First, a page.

Iran analysts were divided on the foreign policy implications of Iranian President-elect Hassan Rowhani’s election during a panel discussion at the Stimson Center on Monday.
Rowhani, a cleric and intellectual, has been described as a “moderate reformer” in the media despite his long relationship with Iran’s Supreme Leader Ali Khamenei, his past harsh rhetoric against student protesters, and his claim that he deceived the West into allowing Iran’s nuclear program to progress surreptitiously during his tenure as nuclear negotiator with Europe.
“Which Hassan Rowhani’s going to show up as president? He’s said a lot of things, has a long paper trail,” said the Eurasia Group’s Middle East director Cliff Kupchan. “He has very explicitly supported, been an ardent supporter of Iran’s nuclear program, in some of his previous statements. And he had a famous quote where he pretty much says ‘We snookered the West, man.’ So will the real Mr. Rowhani please stand up?”
Fatemeh Haghighatjoo, a former reformist Iranian official who has advocated for a softening of Iran sanctions, said “hope and excitement is in the air” after the election, and that she believes Rowhani could forge a “national consensus” in Iran on the nuclear issue.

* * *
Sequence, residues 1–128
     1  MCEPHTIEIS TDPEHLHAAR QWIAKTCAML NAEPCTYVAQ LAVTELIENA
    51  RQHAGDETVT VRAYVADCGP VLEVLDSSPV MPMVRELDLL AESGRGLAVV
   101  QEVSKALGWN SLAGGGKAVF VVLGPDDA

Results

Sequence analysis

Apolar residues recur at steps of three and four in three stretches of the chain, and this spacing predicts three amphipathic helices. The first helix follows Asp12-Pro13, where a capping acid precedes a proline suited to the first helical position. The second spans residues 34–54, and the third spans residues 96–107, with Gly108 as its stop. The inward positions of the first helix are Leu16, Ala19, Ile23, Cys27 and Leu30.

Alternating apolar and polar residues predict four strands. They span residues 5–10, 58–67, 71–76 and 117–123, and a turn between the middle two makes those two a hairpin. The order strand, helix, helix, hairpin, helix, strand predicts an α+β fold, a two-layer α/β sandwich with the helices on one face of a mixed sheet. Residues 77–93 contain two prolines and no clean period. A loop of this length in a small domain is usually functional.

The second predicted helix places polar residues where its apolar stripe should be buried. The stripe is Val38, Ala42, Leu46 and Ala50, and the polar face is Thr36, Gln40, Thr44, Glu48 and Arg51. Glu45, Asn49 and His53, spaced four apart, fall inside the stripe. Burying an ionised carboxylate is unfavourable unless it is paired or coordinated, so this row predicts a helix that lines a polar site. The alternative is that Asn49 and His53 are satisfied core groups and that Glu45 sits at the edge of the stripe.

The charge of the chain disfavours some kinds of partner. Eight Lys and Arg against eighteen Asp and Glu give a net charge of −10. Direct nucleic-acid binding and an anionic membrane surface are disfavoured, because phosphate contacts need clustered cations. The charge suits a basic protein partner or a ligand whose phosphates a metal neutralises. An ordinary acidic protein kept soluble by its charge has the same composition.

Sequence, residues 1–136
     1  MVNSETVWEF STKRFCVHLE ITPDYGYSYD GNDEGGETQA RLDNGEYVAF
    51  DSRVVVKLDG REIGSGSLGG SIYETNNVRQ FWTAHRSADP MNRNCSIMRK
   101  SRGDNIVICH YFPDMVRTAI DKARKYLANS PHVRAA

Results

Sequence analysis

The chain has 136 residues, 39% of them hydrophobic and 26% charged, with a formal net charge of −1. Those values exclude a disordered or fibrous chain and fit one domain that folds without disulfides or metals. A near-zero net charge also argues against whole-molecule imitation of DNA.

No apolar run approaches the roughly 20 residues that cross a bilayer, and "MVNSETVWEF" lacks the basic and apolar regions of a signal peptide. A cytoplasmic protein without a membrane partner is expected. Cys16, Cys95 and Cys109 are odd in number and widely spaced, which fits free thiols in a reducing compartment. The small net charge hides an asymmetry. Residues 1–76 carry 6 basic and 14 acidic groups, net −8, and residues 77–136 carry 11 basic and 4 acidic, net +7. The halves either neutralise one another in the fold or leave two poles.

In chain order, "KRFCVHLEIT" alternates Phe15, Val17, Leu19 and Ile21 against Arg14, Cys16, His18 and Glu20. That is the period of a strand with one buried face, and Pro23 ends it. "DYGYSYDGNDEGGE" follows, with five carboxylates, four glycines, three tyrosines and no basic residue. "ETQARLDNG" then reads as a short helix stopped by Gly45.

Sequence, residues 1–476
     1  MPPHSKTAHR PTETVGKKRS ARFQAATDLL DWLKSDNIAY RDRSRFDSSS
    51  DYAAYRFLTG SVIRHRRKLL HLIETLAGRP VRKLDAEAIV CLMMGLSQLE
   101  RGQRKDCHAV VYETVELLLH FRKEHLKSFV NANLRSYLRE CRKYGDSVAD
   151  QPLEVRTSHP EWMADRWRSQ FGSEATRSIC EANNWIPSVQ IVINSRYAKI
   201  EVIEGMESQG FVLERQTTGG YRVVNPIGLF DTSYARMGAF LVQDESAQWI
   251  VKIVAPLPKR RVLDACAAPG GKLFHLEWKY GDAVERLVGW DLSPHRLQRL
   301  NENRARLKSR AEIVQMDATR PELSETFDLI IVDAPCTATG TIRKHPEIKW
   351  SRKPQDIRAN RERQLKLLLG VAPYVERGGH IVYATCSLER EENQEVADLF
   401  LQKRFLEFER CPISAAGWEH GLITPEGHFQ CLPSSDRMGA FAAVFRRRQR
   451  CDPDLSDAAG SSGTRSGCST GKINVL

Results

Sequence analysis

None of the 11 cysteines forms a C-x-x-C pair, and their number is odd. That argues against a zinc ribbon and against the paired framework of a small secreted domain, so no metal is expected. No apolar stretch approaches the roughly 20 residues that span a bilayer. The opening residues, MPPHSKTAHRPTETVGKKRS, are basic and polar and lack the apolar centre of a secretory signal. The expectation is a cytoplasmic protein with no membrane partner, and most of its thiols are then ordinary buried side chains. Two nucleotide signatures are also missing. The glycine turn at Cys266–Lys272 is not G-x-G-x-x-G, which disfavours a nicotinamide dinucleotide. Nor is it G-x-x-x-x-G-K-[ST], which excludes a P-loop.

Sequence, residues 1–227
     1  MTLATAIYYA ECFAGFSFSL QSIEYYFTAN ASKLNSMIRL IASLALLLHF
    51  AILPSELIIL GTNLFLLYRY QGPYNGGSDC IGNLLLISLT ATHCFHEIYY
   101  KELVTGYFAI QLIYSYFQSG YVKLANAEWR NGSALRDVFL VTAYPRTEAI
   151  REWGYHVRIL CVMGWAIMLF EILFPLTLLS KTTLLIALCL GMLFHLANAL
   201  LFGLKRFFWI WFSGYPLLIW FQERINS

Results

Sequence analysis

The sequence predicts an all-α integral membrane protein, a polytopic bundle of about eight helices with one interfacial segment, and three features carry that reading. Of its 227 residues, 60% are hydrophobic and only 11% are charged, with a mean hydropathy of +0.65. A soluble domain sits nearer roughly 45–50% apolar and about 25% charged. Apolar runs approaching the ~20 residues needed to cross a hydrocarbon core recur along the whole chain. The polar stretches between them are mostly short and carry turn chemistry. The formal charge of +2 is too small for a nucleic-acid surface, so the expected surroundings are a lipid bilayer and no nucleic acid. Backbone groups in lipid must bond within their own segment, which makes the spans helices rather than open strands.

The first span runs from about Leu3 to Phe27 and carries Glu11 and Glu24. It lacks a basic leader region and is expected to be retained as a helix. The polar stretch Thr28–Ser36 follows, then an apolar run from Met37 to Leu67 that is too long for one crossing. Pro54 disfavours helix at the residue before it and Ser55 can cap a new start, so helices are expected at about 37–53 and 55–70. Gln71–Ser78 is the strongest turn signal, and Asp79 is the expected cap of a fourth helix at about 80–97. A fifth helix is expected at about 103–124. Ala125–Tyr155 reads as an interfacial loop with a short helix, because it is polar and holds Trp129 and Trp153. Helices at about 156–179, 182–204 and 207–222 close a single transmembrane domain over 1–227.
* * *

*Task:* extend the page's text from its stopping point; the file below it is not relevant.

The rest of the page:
“The West, particularly the United States, must grab this opportunity,” said Haghighatjoo. “Rowhani has the ability to have cooperation with the West.”
Still, she added that Rowhani is “not a reformist” and said reformers supported him in order to ensure a more hard-line candidate was not elected.
Kupchan said the United States may see some modest but promising changes under Rowhani, including the potential for better cooperation between Iran and the International Atomic Energy Agency and “kinder words” on the international stage.
“The bad news is that the same guy makes nuclear policy decisions and that’s Khamenei, it’s not Mr. Rowhani,” he said.
Kupchan also said the election results showed that sanctions are having an impact.
“Contrary to the naysayers that the sanctions didn’t work, it was very clear from the Iranian public here that sanctions have made their lives worse and they don’t want that,” said Kupchan. “So I think a lot of the current grumbling in this country about sanctions was belied, was falsified by this election.”
Hosein Ghazian, an Iranian election analyst at the International Foundation for Electoral Systems, said the election was engineered to include only candidates who were “trusted by the system.”
“[The regime] wanted to avoid the high cost of the post-election outcome,” said Ghazian, such as the massive street protests that were sparked by President Mahmoud Ahmadinejad’s election in 2009.
He said Iranian hardliners did not rally behind any one particular candidate, and even the office of the supreme leader was divided over whom to support, making it more difficult for this election to be rigged.
“The reformist camp was able to seize the initiative,” said Ghazian.